Procesul-verbal precizeaza ca din cele 531 de pistoale calibru 7,65 mm model 1974 verificate, 42 au fost gasite cu funingine, din 726 pistoale-mitraliera calibru 7,62 mm model 1963 cu pat rabatabil, 70 au avut aceleasi urme, iar din 60 de pistoale-mitraliera cu pat rabatabil de acelasi calibru, insa model 1980, 7 au suferit de aceeasi “meteahna”. S-au mai gasit cu urme de funingine (pe teava, bineinteles): 5 pusti-mitraliera cal. 7,62 mm model 1964 (din 77 verificate), 2 pusti semiautomate cu luneta (din 3), precum si 1 (una) mitraliera cal.7,62 PKMS de pe ABI, din 2 verificate. Au ramas nemanjite de funingine 5 mitraliere 7,62 mm model 1966, 3 pistoale 7,65 mm “Walter” PP cu amortizor, 11 aruncatoare de grenade AG-7 si 2 carabine 7,62 mm model 1974 cu luneta.
Acestea nu sunt, insa, singurele dovezi ca numeroase cadre din Securitate si Militie au tras in demonstranti in decembrie 1989, laolalta cu militari din cadrul Armatei.
In concluziile in fond puse de (atunci) cpt. de justitie Romeo Balan, procuror-sef adjunct al Parchetului Militar Timisoara in dosarul nr. 6/1990 al Curtii Supreme de Justitie (privind “Lotul Timisoara”), sunt invocate si alte probe care vin sa demonstreze vinovatia Securitatii in reprimarea sangeroasa a Revolutiei. Iata ce sustine Romeo Balan (astazi prim-procuror al Parchetului Militar Timisoara), in concluziile sale:
“Inainte de constituirea comandamentelor, din ordinul generalului Macri si al conducerii inspectoratului judetean Timis al MI, in jurul orelor 14.00, cadrele de securitate si militie s-au inarmat cu pistoale si pistoale-mitraliera, cu munitie de razboi. De mentionat ca in 17.12.1989, fortele MI au fost primele care s-au inarmat si au fost dotate cu munitie reala.
Martorul Constantin Gheorghe, fost subofiter in cadrul Serviciului USLA Timis, declara ca, in dupa-amiaza zilei de 17.12.1989, din ordinul lt. col. Atudoroaie Gheorghe (adjunct al Securitatii judetului Timis-n.r.), a distribuit 43 de pistoale-mitraliera si munitie, unor cadre USLA si altor cadre de securitate care s-au prezentat. Martorul precizeaza ca a distribuit armament si munitie fara nici o evidenta si ca atunci cand nu a mai avut arme in magazie, a trimis celelalte cadre la depozitul unde era gestionar M.M. Pantea Ambrozie.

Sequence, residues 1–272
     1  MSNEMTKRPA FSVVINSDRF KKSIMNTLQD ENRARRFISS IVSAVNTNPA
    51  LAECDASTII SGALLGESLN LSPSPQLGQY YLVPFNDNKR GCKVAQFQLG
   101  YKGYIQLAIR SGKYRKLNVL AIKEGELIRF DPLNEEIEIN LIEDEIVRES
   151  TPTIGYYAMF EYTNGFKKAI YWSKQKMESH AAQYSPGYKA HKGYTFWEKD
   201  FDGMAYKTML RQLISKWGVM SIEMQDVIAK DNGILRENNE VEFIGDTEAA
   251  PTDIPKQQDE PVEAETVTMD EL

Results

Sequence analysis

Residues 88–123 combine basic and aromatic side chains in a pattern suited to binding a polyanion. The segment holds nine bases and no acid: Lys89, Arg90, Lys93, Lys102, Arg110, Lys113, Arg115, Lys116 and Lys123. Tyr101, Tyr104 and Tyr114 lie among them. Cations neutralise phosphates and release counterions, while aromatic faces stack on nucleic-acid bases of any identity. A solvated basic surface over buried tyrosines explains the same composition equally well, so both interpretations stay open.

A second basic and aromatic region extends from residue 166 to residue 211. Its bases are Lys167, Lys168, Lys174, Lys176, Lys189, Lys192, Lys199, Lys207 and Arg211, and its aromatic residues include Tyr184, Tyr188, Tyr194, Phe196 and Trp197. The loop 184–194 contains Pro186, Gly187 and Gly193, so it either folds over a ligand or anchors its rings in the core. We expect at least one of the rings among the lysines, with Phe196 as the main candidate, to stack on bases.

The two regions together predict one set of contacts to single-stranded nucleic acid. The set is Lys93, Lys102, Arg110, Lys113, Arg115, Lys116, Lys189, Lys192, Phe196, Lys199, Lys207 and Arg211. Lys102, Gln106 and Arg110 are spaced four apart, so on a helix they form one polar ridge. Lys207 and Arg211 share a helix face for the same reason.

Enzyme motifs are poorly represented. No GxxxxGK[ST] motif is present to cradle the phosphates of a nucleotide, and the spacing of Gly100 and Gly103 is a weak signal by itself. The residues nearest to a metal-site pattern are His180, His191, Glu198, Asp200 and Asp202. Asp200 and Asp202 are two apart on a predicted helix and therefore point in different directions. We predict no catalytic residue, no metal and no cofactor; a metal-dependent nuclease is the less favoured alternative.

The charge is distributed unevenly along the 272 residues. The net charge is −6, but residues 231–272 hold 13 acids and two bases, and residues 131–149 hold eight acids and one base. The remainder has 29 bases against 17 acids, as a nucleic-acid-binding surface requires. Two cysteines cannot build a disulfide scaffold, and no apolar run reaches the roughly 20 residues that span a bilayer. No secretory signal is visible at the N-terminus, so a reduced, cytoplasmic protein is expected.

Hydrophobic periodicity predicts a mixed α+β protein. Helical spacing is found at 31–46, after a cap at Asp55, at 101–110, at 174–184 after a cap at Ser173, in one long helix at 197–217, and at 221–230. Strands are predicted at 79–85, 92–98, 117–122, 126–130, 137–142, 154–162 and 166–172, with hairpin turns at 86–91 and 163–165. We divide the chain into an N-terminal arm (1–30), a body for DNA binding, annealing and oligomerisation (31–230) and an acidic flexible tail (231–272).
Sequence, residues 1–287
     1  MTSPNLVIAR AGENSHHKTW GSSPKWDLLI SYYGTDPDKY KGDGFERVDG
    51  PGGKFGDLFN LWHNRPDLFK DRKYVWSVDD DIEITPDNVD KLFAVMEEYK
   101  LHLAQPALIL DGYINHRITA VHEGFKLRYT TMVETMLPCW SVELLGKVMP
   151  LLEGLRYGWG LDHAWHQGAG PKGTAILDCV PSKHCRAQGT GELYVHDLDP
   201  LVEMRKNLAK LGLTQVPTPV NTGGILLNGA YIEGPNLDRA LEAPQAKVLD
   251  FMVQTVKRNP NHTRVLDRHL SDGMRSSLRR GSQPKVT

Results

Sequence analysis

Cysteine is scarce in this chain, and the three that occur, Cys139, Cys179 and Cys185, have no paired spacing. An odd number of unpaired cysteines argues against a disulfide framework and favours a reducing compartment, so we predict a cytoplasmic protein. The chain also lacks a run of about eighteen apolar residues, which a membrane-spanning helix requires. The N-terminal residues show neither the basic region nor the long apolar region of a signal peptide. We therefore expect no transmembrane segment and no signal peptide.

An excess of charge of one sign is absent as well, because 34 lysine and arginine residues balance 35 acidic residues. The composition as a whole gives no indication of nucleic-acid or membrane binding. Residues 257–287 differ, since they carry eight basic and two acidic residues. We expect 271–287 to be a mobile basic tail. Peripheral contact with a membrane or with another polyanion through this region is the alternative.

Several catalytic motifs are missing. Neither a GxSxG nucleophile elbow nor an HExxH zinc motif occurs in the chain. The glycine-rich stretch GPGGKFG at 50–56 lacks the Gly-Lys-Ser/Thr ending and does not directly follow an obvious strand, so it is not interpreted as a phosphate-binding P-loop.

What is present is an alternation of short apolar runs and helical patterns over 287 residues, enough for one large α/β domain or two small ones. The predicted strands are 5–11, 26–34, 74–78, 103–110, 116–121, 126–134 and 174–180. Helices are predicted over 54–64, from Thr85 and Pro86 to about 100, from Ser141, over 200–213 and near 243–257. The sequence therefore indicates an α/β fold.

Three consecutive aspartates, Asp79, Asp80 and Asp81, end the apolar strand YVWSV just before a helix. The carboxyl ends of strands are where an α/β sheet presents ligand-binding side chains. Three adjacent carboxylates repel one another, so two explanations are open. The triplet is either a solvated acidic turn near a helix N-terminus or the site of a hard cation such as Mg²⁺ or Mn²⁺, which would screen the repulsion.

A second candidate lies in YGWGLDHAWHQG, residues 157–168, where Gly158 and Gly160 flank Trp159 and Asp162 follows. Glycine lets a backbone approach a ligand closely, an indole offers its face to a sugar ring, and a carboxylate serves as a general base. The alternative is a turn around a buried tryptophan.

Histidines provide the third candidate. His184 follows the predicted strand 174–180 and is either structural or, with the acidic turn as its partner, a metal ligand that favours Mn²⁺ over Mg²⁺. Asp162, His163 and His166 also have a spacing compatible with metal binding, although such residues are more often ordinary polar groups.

Martorul M.M. Pantea Ambrozie, gestionar la Depozitul de armament si munitie al inspectoratului, a distribuit in 17.12.1989, la ordin, 272 de pistoale-mitraliera cu munitia aferenta, unor cadre de securitate si militie. Martorul a distribuit armamentul pe baza de semnatura, intocmind in acest sens un tabel, ce a fost depus in copie la dosarul cauzei.
Din examinarea tabelului intocmit de M.M. Pantea Ambrozie, rezulta ca primii care s-au inarmat au fost 114 ofiteri si subofiteri de securitate, din care 29 de la Serviciul USLA, 22 de la Serviciul I, 7 de la Serviciul II, 17 de la Serviciul III, 21 de la Serviciul tehnic si 18 de la alte servicii. De mentionat ca o parte din cadrele de securitate au ridicat in mod repetat munitie in 17.12.1989 si, dintre acestia, exemplificam pe cpt. Bratosin Tudor, Serviciul I, lt. Dragomir Florin, PCTF, lt. Iaru Florin si plt. Timbula-Cojocaru Gheorghe, ambii de la Serviciul USLA. Si nu intamplator, la verificarea efectuata de comisia mixta MApN/MI, s-a constatat ca armele acestor cadre au prezentat urme de funingine, denotand faptul ca s-a tras cu acestea (a se vedea procesul-verbal S.201/12.01.1990, depus in xerocopie la instanta). De altfel, s-au constatat urme de funingine la armele apartinand unui numar de 28 de cadre de securitate. Rezulta astfel ca in 17.12.1989, 157 cadre de securitate au ridicat armament si munitie de la magaziile unde erau gestionari Constantin Gheorghe si Pantea Ambrozie.
Tot in 17.12.1989, 158 cadre de militie au ridicat de la depozitul de armament al inspectoratului, pistoale-mitraliera si munitie de razboi. Unii din acestia au ridicat in mod repetat munitie sau cantitati mari de armament si munitie. Exemplificam in acest sens: lt. maj. Peptan Eugen a ridicat peste 1.000 de cartuse de razboi. Pe teava armei avuta in dotare s-au constatat urme de funingine. Lt. Zlavog a ridicat 10 pistoale-mitraliera si 40 de incarcatoare cu 1.320 cartuse de razboi. Pe tevile a doua din aceste pistoale-mitraliera s-au gasit urme de funingine. Plt. Suru a ridicat 1.320 cartuse de razboi, iar serg. maj. Nica a ridicat, in afara armamentului individual, 17 incarcatoare a cate 30 de cartuse fiecare. Si exemplele ar putea continua (…). Urme de funingine s-au identificat si pe teava pistolului-mitraliera ce a fost in dotarea inc. mr. rez. Veverca Iosif, trimis in judecata pentru infractiunea de omor.”
In realitate, numarul celor care au tras e cu mult mai mare